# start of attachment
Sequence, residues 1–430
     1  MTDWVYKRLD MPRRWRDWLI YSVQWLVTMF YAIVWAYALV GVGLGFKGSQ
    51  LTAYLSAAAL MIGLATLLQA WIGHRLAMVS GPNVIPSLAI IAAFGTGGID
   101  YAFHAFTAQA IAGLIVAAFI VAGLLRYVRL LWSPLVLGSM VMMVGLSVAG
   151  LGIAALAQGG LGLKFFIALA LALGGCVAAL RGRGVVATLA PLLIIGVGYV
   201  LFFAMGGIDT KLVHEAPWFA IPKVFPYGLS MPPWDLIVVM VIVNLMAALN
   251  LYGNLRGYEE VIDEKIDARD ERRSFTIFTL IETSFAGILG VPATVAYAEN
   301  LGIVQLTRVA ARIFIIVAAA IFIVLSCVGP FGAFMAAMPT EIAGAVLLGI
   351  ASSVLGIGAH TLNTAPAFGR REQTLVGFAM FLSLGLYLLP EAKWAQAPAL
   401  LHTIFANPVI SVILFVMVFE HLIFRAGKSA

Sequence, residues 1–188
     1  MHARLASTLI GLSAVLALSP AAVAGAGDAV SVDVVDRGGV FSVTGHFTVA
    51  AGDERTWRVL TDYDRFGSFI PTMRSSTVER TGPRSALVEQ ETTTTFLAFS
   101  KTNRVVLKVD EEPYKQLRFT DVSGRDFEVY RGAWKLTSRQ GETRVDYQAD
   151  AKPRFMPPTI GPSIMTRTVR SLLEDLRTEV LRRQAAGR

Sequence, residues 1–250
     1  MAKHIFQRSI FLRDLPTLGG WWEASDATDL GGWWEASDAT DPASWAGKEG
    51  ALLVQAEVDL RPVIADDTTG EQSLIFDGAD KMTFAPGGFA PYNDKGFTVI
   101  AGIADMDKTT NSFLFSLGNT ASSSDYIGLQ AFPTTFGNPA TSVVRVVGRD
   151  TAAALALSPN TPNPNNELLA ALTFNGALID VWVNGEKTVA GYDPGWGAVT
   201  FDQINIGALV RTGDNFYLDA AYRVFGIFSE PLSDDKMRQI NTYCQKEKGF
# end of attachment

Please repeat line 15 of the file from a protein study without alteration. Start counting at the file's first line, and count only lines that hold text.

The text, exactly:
   151  AKPRFMPPTI GPSIMTRTVR SLLEDLRTEV LRRQAAGR